standing Hope Valley Elementary School

Hope Valley Elementary School. Sun file photo

HOPKINTON — Hope Valley Elementary School is one of 20 schools across the country to have been awarded a “Champion Creatively Alive Children” grant. The winning schools were selected by the National Association of Elementary School Principals and the Crayola crayon company.

Hope Valley school received $2,500 and an additional $1,000 in Crayola products. The objective of the grants is to encourage children’s creativity in schools and increase student awareness of their communities’ cultural traditions.

“Crayola believes that for students to reach their full potential and grow into self-motivated learners, their creativity and critical thinking skills must be nurtured,” Crayola's Executive Vice President of Strategy and Education Chuck Linden said. “We believe children develop these 21st century skills when educators ignite their imaginations through art-infused education.”

Each of the Chariho district’s four elementary schools is developing a specialty, part of an effort to attract and retain students. Superintendent of Schools Barry Ricci said the grant would enhance the Hope Valley school's arts focus. 

"I applaud the initiative shown by the Hope Valley community,” he said.  “The award of this grant aligns perfectly with Hope Valley's specialty school's focus on the arts.”

The application was initiated by art teacher Amanda DiFranco, special educator Kasey Girton, Spanish teacher Dori Carpenter and Lynn Larned, the school nurse.

Hope Valley Principal Giuseppe Gencarelli and Chariho Development Officer Katie Kirakosian applied for the grant last June and learned on Oct. 15 that the school had been selected.

“It’s an honor, because it’s a nationwide grant that we applied for and only 20 schools are selected,” Gencarelli said. “It was a rather lengthy application — I think it ended up being about 10 pages. They asked a bunch of different questions: Your ‘what if’ opportunity, if we were to receive this grant, your outline, goals and objectives. They wanted us to define what success would look like and how we’ll measure it.”

Kirakosian said the application required that the school envision incorporating the arts into several diverse curricula.

“What if we tried to integrate English Language Arts and Social Studies and World Language, health, art and music, all into different collaborative opportunities within the school itself,” she said.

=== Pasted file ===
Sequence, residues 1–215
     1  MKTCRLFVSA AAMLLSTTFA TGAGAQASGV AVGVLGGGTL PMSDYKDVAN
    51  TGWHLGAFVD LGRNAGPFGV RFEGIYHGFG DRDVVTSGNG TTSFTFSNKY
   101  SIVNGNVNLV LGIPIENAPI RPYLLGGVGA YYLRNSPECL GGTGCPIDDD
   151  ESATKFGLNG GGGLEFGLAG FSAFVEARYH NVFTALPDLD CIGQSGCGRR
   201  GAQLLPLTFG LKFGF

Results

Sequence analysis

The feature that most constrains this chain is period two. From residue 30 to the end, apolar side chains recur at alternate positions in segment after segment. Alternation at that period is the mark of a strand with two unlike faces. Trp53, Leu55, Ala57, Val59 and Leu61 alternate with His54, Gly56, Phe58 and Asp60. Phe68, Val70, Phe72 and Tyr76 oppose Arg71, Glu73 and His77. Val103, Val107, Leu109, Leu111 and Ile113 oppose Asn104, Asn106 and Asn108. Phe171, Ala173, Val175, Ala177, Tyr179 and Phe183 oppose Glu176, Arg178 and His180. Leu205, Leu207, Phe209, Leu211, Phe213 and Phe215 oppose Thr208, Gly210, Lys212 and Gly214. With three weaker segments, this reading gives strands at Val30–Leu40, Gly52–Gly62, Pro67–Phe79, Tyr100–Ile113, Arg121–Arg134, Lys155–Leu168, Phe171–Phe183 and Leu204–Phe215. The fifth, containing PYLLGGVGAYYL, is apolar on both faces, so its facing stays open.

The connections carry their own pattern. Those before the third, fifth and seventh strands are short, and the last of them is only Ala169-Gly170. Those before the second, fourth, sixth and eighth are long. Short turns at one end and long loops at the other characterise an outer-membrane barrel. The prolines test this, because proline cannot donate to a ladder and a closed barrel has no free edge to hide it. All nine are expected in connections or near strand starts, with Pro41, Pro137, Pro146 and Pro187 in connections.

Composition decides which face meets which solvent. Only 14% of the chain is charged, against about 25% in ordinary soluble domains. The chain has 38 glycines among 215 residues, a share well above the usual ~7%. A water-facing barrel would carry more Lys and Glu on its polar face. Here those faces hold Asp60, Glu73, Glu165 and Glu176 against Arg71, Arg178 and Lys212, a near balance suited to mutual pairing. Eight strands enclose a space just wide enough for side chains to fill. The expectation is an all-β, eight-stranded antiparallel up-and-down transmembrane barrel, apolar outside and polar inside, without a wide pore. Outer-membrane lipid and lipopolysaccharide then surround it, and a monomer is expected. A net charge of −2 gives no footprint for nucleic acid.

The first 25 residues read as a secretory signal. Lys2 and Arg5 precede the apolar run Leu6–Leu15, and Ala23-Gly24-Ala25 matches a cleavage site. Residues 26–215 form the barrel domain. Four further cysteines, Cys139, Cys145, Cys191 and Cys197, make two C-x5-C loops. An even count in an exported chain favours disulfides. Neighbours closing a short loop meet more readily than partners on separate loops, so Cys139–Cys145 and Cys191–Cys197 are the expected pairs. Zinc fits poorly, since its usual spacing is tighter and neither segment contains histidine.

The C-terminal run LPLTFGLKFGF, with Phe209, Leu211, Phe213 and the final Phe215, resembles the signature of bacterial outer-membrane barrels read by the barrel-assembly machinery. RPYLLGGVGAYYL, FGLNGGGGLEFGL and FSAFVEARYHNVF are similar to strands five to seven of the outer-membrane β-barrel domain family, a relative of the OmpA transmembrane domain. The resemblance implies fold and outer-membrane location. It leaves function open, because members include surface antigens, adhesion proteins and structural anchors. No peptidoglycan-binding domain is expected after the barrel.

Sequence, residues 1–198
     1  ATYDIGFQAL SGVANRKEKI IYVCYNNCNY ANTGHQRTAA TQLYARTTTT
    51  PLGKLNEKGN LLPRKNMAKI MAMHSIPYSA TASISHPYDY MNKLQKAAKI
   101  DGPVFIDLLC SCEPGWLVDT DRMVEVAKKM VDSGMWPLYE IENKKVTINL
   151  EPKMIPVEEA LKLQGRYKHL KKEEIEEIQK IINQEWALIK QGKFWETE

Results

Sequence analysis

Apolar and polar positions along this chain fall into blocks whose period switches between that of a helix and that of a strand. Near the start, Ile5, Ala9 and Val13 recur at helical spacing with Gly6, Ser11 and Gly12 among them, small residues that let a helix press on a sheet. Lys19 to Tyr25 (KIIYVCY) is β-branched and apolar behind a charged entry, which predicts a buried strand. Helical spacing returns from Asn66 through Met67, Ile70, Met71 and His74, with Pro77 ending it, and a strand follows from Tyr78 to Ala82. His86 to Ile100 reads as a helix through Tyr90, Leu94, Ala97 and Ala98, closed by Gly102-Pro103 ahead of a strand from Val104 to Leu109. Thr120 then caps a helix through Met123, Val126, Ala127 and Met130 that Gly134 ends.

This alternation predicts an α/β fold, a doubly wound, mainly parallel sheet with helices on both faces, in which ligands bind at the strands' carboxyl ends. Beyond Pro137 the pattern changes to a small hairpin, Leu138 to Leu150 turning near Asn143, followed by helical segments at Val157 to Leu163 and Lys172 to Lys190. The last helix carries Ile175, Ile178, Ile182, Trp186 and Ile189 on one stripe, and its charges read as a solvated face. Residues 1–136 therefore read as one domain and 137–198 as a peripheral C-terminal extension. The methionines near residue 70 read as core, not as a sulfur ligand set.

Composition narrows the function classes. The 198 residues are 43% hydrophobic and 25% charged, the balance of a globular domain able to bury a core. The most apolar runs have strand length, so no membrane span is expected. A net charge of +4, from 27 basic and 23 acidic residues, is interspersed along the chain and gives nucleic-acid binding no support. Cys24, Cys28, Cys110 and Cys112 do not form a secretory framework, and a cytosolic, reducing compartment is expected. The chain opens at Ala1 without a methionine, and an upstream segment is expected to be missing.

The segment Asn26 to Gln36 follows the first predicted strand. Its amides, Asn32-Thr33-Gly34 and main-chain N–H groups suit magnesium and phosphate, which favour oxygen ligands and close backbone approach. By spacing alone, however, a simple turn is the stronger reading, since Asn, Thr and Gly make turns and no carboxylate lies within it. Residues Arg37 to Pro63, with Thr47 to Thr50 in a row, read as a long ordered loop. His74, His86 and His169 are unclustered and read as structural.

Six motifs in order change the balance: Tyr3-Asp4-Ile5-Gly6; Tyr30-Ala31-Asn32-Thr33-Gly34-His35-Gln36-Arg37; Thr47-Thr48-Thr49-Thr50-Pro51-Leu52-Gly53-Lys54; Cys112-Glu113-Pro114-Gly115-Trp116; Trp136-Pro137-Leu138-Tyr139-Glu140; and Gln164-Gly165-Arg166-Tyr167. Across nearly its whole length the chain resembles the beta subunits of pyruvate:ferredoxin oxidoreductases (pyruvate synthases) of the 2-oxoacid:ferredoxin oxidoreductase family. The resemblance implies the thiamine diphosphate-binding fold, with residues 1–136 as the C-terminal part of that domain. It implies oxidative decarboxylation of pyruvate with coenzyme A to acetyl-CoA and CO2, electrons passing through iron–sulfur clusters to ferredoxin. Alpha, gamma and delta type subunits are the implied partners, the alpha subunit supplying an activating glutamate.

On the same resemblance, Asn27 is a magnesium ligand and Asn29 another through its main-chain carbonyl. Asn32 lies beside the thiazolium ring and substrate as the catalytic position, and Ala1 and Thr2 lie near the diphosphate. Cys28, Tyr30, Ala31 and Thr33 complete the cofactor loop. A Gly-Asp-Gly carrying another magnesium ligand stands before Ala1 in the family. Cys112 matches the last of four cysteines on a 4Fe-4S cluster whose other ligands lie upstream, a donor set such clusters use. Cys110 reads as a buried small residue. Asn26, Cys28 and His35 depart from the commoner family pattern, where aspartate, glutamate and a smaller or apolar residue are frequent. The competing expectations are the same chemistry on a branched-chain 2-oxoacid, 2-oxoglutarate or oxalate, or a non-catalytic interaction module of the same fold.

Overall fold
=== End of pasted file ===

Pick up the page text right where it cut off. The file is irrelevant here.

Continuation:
The school will receive the cash award and the Crayola products in early November. Much of the monetary award, Gencarelli said, has already been allocated to several projects.

“We’re taking $300, plus the Crayola products that we’re going to receive and we’re going to use that for students to create diverse art projects,” he said. “We’ll end up using some of that to share with our digital pen pals. We’re looking for a Spanish-speaking country to share some of our cultural awareness with. That ties into our world language program.”

The school will use $700 to create a therapeutic space adjacent to Larned’s office.

“We’re  going to use art as therapy,” Gencarelli said. “We’re looking to buy maybe an easel, a table, drying rack more art supplies, a CD player if someone needs to have some mindfulness time and just listen to music. When children are dysregulated, they might go to the nurse’s office. Our nurse is amazing. She’s on board with helping us create this space.”

Kirakosian said she had been particularly impressed with the therapeutic initiative.

“When the idea was first circulated, I thought ‘what a novel way of uniquely integrating health and wellness and art into a therapeutic space,’ which I think is a really cutting edge idea I had never heard of before,” she said. “I’m really excited to see how this plays out and see how it might help support Hope Valley students where and when they need it.”

Additional award money will go to the after school drama club, which will create theater sets and costumes for productions, and some funds will go toward initiatives that focus on the arts as cultural expressions.

“We want to have more culturally-based assemblies, especially regarding our local Narragansett Indian Tribe,” Gencarelli said. “We have connections with them, and the Tomaquag Museum. We want to focus on the significance of indigenous arts.”

The final project will be a student blog, which will provide an outlet for sharing the arts.

“We’re using district and PTO funds as well,” Gencarelli added. “So even though we received $2,500 from Crayola, there’s another $3,000 coming from district funds and PTO to help make our vision exactly what we want it to be.”

Gencarelli will provide a mid-year update to the National Association of Elementary School Principals and Crayola and issue a final report at the end of May.

“This project is all about having kids be creative and critical thinkers,” Gencarelli said. “We’re really trying to do a lot with arts-infused education at our specialty school.”

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